You may have seen stories in the media recently about GCSE, AS and A level marking. I have been thinking about these and how to best enable people to form a fair view of the quality of marking.
First of all, it is useful to see marking in context.
Some 15 million scripts and about 100 million individual answers to exam questions are marked by over thirty thousand markers (mostly teachers) over a relatively short period each summer. Other countries face the same challenge – getting marking done to time and to standard – and tend to have similar approaches to ours, in that they rely on a small army of teachers and others to mark in tight time windows. What makes us stand out is the scale of things here. We looked recently at the detail of marking arrangements in Hong Kong. Overall, the arrangements are very similar to those here, albeit that in Hong Kong, markers go to designated centres to mark, rather than mark in their own homes. However, the operation is on a much smaller scale and that brings some advantages. With a few thousand rather than thirty thousand markers, it is clearly easier to pull together.
In recent years we have seen a significant transition. Most GCSE, AS and A level marking is now done on screen. Multiple choice questions can and are marked readily enough, and can be marked accurately without specific expertise in the subject or knowledge of the syllabus. For other types of questions, markers are sent student work electronically, rather than paper scripts. Sometimes, markers mark whole scripts but sometimes they mark bundles of specific questions. Electronic marking has its advantages: no loss of scripts in transit, increased turnaround times, the ability to target the most challenging questions to the most experienced markers, the ability to monitor markers and the quality of their work, as they work, and the chance to re-allocate work instantly if necessary.
Next, it is useful to look at the evidence available about the quality of marking here. We know that qualification grade changes represent just 0.6 per cent of all GCSE, AS and A level certifications. On this evidence, we might conclude that a little over 1 in 200 exam papers contained a marking error or inconsistency, but that assumes that all unchallenged grades are as correct as those challenged. We know that in live monitoring, the proportion of examiners that were themselves graded by exam boards as Grade 5 (the lowest) was less than 2%, but that does not demonstrate the quality of final marking – because it is a measure of markers rather than marking, and because rogue markers are rooted out by these live checks, and their work remarked ahead of results. In our view, there is not enough evidence available at the moment about the quality of marking (see our QoM report). We are requiring exam boards to agree the best metrics for measuring and reporting on marking quality; we will work towards the publication of an agreed overall reliability measure for their examinations. In future, we want to see more comparable information about marking quality.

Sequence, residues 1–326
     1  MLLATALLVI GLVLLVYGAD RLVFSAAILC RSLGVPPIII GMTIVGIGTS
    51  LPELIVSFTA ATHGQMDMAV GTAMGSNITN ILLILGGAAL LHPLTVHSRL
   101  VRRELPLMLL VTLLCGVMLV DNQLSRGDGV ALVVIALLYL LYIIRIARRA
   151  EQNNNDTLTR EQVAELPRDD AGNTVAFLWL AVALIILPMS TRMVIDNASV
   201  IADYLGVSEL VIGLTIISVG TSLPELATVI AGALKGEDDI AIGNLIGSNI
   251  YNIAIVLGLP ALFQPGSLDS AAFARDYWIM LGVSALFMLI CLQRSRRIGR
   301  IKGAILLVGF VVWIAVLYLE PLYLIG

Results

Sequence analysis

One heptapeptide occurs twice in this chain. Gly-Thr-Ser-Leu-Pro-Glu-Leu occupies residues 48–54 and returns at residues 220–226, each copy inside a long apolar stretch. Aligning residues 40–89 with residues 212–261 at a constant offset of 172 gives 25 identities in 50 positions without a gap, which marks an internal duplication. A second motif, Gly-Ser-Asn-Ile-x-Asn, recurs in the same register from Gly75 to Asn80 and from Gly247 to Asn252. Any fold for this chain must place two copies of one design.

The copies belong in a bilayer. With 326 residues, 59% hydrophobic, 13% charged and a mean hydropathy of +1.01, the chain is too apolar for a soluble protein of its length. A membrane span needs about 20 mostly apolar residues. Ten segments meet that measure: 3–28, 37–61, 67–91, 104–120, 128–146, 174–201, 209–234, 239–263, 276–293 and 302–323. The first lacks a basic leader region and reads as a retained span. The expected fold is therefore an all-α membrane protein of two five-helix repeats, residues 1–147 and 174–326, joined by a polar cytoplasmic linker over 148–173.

If the vast majority of markers are found to be proficient, then why are schools and colleges concerned about marking? Incorrect marking has a significant impact on a student, even when a wrong mark is later corrected. One mistake undermines faith for quite some time, and understandably so. What is most disconcerting perhaps is that on rare occasions, an original grade is so far away from expectations and is then revised so radically that it makes the headlines and undermines confidence, and moreover traumatises the student concerned. In our experience, those significant changes in a grade are not generally down to rogue judgements on the part of a marker. Instead, they are usually due a system or process problem - for example, a marker mistakenly reporting a question mark as the mark for the whole script, or missing a part of a student's whole script.
We know also that as exam boards upgrade their IT and other systems, there is always a risk. Generally, the move to electronic marking has gone well, but all systems and system change carry risk and although we expect exam boards to manage those transitions and improvements well, and they generally do, it is inevitable that sometimes things do not run as smoothly as planned. Whatever the cause of a marking error, the effect is just the same on the student. In any large scale system, mistakes happen but we want them to be kept to a minimum, to be corrected quickly when they do happen and to be understood and explained - so that we can each know what happened and so that exam boards improve where they need to.
We are making changes that next year will enable and require exam boards to categorise errors to show system and individual marker error, and make the information public so that all can see how such mistakes happen. And when significant system problems arise we require them to make changes to stop the same thing happening again. There is more to be done. We have research in hand looking at how best to design mark schemes, as one proven way to improve the quality of marking itself. Here we will be looking amongst other things at the particular challenges of marking question responses that show a high level of knowledge but do not necessarily answer the question set. More immediately, we are evaluating carefully the mark schemes exam boards are developing for new, reformed GCSEs, AS and A levels. And we are about to consult on proposals to improve the appeal system so as to make it more fair, more effective and more transparent. We will welcome your views.